As television shows go, it is an utterly predictable formula - a cops-and-criminals drama spiced up with graphically gruesome details, a music video-worthy soundtrack and implausibly attractive investigators, with the whodunit teed up at the start of each episode handily solved within an hour.
Yet in spite (or perhaps because) of this, CSI: Crime Scene Investigation was again crowned the world's most watched show in 2011, for the fifth time in seven years, based on the 63 million viewers it attracted.
While the series has cleaved to this formula since it first aired in 2000, it has managed to stay fresh, partly by enlisting some big names in television and film, including Golden Globe winner Ted Danson in 2011 and Oscar-nominated actress Elisabeth Shue last year.
Danson is best known for playing quirky, sardonic characters including bartender Sam on the sitcom Cheers (1982-1993), which won him two Golden Globe awards. And he seems more than happy to have landed another plum role in a long-running hit series.
"I'm thrilled that it remains the No. 1 watched show in the world even after I joined,'' the 65-year-old quipped during a press conference.
"The different kinds of people who come up to you and talk about it still surprise me." He plays D.B. Russell, supervisor of the CSI team in Las Vegas.
Shue, 49, saw her film career peak in the 1990s, when she won an Oscar nomination for playing a prostitute in the 1995 film Leaving Las Vegas.
Since then, her projects have been few and far between, as she has been reluctant to leave her children with film-maker Davis Guggenheim, two daughters and a son, aged six to 14.
"I decided to be on CSI knowing that my youngest was in school. I had a tough time deciding to do any television shows when she was still young because I didn't want to miss out on any moment in her life.
"But I'm glad I chose CSI because it's a show that is an ensemble - there are a lot of great characters so I still get time off to take care of my family and keep that balance. And the show's very well-run."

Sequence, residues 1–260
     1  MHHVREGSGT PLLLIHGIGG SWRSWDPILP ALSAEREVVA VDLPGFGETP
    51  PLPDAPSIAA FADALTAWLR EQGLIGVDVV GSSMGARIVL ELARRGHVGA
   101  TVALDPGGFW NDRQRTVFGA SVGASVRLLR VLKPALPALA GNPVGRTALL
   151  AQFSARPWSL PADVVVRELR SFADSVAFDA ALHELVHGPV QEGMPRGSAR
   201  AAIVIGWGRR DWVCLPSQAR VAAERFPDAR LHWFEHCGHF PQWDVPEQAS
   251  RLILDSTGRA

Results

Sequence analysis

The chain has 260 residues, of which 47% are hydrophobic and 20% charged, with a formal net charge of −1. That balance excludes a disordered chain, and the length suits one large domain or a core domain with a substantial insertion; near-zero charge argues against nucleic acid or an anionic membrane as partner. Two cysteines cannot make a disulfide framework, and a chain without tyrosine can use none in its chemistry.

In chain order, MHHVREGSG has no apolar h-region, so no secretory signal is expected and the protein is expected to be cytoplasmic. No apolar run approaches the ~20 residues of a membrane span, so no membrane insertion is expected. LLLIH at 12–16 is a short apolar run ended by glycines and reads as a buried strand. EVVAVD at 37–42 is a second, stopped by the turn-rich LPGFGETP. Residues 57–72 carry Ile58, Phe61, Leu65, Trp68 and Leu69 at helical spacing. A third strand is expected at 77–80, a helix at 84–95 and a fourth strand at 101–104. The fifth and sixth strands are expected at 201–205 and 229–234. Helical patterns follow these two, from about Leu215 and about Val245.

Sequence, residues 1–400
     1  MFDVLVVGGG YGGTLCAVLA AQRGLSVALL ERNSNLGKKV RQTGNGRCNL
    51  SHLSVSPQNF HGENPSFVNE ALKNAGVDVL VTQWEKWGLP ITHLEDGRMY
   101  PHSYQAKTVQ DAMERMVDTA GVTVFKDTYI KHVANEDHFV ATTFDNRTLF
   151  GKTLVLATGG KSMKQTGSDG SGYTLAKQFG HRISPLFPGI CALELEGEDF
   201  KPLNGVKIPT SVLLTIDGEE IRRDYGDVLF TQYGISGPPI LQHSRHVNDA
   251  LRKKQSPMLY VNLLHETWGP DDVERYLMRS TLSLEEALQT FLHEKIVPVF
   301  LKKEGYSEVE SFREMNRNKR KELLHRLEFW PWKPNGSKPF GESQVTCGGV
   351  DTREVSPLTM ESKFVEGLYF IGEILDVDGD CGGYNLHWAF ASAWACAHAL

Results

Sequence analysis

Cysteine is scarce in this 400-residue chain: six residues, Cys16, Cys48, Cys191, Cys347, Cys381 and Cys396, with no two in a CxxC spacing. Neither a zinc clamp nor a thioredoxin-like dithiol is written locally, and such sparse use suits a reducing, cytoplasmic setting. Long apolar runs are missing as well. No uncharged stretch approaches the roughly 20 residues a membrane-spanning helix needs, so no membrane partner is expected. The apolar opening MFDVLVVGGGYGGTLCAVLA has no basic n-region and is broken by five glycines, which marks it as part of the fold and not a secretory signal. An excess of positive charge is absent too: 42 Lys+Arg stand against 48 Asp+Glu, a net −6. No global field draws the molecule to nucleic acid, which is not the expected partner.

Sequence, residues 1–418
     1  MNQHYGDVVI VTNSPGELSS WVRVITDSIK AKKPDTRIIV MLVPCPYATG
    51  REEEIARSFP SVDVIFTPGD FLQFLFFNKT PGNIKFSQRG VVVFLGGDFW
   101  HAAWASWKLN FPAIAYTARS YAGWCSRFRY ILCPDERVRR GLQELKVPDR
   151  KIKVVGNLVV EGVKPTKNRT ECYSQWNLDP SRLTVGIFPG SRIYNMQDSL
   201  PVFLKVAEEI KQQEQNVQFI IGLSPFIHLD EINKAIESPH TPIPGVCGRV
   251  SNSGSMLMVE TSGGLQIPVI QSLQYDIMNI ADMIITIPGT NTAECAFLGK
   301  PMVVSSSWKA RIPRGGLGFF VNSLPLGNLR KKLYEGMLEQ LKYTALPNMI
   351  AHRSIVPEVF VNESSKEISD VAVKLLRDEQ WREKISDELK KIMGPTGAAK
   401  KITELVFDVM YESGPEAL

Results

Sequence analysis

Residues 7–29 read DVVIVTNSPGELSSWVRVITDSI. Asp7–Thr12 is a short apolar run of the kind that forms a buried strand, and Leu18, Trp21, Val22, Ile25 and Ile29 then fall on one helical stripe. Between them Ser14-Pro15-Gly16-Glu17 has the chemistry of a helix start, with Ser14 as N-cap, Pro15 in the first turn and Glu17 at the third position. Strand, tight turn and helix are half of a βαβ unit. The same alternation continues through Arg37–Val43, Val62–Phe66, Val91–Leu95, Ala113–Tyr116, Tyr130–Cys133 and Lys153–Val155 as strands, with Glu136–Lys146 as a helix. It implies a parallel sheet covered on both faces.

While she is used to working on dramas, acting out stories about murders and dead bodies was a bit of an adjustment for Danson, who is more of a comedic actor despite three Emmy nominations from 2008 to 2010 for his role in the Glenn Close legal drama Damages.
"There are times you can see smoke coming out of my ears because the words are so hard," he says of the multisyllabic scientific and technical terms that trip off Russell's tongue. "It's very difficult to memorise, so I am a little tired right now."
Comedy is nevertheless more challenging, he adds. "Because it's very hard to get the right tone of what's funny. In drama, there's an old joke that you can show up drunk, depressed and divorced and the camera goes, 'Ooh! Wow! That's interesting!'"
Over the years, the CSI cast have had more opportunities to flex their dramatic muscles as the show's writers have delved increasingly into the lives and personal stories of their characters.
But its chief appeal is still its forensic "procedural" element, the whodunit-on- steroids genre that it pioneered, in many ways, leading to the spin-offs CSI: Miami and CSI: New York, as well as similar shows such as Bones and Cold Case.
"This show has stuck to what made it great early on, they really do provide you with a forensic mystery that is as honest as you can make it, considering you have 45 minutes to tell a story," says Danson.
"We try to make the science as real as possible and they have stuck to that formula. I think that is what makes it successful."
CSI: Crime Scene Investigation Season 13 airs on AXN (StarHub Channel 511) on Wednesdays at 10pm.
This article was first run in The Straits Times newspaper on March 7 2013. For similar stories, go
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